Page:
Man About Canton: Hockey Standouts

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Did you know …

Dan Muse, a Canton High School graduate, was recently hired as an assistant coach by the Nashville Predators of the National Hockey League. Muse joins a Predators team that won the Western Conference this past season and finished just two wins shy of a Stanley Cup title. Muse himself also has quite a background: He was an assistant lacrosse coach at CHS, played hockey at Stonehill College, served as an assistant coach at Milton Academy and Archbishop Williams, spent six years at Yale and won a national title, was named head coach of the Chicago Steel in the U.S. Hockey League, and won the Clark Cup this past season. It’s interesting to note that Nashville’s season opener on October 5 will be against the Boston Bruins at TD Garden, not far from his hometown in Canton. Muse’s parents live in Canton. His father, Dr. Dan Muse, works at the Brockton Hospital, and his mother, Ann Muse, is a speech pathologist at the Galvin Middle School.

Kevin Rooney recently signed a one-year, two-way contract with the National Hockey League’s New Jersey Devils for $650,000. The Canton native also earned Providence College’s Mal Brown Award in 2016, which is given annually to the male athlete whose career of intercollegiate competition portrays sportsmanship, courage, and honor. Kevin also assisted on the game-winning goal in Providence College’s 4-3 victory over Boston University as the Friars claimed their first NCAA title. Kevin’s uncle Steve Rooney, also of Canton, was a member of the 1986 Montréal Canadiens team that won the Stanley Cup.

The Canton American Legion Post 24 baseball team made it all the way to the district semifinals before losing a heartbreaker to Quincy 10-9 in nine innings. The semifinal finish was the furthest a Post 24 team had ever advanced, and the team’s final record of 15-9 included three wins against the eventual District 6 champs Braintree, who also went on to win the state championship. Canton was oh-so-close! MAC congratulates the team, head coach Greg Lyons, and assistants Walter Mann and Al Jackson.

The Canton Junior League baseball team won the Massachusetts Junior League state championship for the second consecutive year by defeating Whitman 4-2 and 7-6 in a best-of-three series at Horgan Field in Oxford. Congratulations from MAC to Manager Mike Rota, coaches Brett Burbank, Keith Poole and Brian Rota, and all of the players on this year’s state championship team.

The Canton A’s of the Cranberry Baseball League made it to the playoffs as the sixth-seeded team and knocked off the third-seeded Rockland Cardinals before being eliminated in the semifinals by No. 2 Bourne (16-8) in two close games, 3-0 and 7-5. The A’s finished the season with an 11-14 record led by player/coach Andrew Poliferno.

In a close vote (23-15), the Massachusetts Senate rejected an amendment that would raise the amount of property tax reduction seniors over 60 can earn by doing volunteer work in their city or town from $1,500 to $2,000.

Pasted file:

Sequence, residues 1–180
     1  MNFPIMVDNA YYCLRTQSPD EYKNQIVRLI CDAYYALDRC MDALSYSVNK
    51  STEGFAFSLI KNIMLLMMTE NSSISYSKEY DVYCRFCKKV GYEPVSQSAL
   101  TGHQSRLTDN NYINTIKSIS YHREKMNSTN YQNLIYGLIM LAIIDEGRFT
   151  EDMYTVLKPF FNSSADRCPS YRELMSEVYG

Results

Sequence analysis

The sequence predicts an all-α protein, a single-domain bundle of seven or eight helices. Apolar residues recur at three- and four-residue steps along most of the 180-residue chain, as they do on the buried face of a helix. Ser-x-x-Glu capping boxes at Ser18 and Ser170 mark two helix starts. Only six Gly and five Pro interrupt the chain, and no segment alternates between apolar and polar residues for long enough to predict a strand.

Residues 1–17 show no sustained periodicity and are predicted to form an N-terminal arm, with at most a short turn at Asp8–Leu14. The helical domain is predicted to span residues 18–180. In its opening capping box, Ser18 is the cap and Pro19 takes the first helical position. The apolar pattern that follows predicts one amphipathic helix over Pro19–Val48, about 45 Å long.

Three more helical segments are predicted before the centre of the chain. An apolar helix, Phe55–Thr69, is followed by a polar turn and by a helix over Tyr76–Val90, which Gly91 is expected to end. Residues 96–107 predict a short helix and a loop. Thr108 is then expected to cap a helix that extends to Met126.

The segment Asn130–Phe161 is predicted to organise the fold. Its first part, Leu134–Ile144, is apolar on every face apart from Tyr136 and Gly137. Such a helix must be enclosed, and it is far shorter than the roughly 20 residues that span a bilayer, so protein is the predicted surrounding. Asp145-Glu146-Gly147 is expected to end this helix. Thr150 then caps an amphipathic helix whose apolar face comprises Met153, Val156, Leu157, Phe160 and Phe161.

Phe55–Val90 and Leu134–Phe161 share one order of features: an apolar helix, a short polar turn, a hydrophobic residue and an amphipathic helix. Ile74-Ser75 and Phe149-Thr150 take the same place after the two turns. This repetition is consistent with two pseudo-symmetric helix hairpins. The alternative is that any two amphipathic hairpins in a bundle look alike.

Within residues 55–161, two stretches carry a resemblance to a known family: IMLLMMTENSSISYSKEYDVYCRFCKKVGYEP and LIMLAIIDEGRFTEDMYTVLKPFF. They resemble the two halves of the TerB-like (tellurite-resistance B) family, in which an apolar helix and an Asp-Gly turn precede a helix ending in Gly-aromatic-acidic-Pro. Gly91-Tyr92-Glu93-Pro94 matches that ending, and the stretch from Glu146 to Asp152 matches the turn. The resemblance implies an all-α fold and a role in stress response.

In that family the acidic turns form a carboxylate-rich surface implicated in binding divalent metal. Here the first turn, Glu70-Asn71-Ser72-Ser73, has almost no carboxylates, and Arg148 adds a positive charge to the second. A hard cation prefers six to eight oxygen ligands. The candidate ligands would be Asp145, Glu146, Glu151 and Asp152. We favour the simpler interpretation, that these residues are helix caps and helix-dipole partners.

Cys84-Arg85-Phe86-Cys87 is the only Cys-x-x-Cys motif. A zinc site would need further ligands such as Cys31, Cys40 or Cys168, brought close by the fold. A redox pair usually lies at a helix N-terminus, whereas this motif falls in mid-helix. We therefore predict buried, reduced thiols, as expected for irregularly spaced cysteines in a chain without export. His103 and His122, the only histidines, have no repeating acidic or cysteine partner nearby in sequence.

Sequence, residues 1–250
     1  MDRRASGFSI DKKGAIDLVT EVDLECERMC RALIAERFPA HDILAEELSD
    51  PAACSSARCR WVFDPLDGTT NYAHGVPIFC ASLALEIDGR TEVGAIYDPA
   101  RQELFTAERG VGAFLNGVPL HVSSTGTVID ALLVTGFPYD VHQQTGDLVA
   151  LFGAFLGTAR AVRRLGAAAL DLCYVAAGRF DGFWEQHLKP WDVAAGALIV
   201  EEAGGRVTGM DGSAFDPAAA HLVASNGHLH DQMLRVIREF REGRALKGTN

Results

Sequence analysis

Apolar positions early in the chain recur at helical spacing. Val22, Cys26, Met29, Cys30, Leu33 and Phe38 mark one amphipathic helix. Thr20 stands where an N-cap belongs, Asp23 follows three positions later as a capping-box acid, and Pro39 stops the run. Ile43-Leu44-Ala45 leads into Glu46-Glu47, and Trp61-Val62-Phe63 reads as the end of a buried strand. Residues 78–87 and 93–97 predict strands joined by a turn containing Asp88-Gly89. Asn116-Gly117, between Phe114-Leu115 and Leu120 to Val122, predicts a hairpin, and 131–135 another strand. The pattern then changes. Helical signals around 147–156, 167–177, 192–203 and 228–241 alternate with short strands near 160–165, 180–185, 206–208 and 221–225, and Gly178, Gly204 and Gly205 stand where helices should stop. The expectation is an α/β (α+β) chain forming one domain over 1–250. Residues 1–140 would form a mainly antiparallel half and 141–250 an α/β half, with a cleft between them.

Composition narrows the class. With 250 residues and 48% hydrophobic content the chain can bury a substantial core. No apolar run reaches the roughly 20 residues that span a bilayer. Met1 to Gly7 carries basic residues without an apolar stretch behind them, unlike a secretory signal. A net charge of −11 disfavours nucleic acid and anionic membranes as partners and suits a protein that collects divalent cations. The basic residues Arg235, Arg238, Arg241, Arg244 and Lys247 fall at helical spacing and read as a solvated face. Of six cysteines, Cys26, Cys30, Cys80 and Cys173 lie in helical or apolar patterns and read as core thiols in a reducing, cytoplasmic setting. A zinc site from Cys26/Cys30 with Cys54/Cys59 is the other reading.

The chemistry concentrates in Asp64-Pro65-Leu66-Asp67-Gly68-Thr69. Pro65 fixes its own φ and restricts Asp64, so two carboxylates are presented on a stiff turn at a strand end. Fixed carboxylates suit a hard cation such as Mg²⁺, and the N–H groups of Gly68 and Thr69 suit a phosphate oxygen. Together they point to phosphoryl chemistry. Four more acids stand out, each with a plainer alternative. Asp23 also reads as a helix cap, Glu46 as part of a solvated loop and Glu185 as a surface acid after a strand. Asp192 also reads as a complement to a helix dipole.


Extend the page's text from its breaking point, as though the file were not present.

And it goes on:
Canton selectmen recently increased the hourly rate for participants in the senior tax program from $10 to $11.

The popular ice cream store Giovanni’s at 598 Washington Street in Canton has closed.

The two richest people in the world are Amazon.com founder and Washington Post owner Jeffrey P. Bezos and Microsoft founder Bill Gates. Both have fortunes worth over $90 billion.

Canton-based chain Dunkin’ Brands plans to reduce its menu and its expansion plans while placing more of an emphasis on drive-throughs and curbside pickup. As Dunkin’ Donuts chief executive Nigel Travis recently told the Boston Globe, “On-the-go ordering is the ultimate in convenience. Consumers want faster service and more convenience.” The company still plans to open between 330 and 350 new stores this coming year. They also plan to add new store designs. Dunkin’ Donuts is the seventh largest restaurant chain in the United States.

Canton town engineer James Donovan will retire on September 29 after 10 years of service to the town.

Norwood general manager John J. Carroll, 89, of Milton, one of the longest serving town managers in Massachusetts, will retire on December 1, 2017, after 39 years at the helm in Norwood. Carroll served as the state commissioner of public works from 1974 to 1978 before taking the job in Norwood.

“SPAM” is short for spiced ham.

Governor Charlie Baker filed a bill that would allow consumers to buy most products that cost under $2,500 on Saturday, August 19, and Sunday, August 20, without paying the state’s 6.25 percent sales tax. However, the bill is not supported by House Speaker Robert DeLeo (D-Winthrop), which makes it dead on arrival. Gee thanks, Bob.

You must have control of authorship of your own destiny. The pen that writes your life story must be held in your own hand.

That is all for now folks. See you next week.

Joe DeFelice can be reached at manaboutcanton@aol.com.

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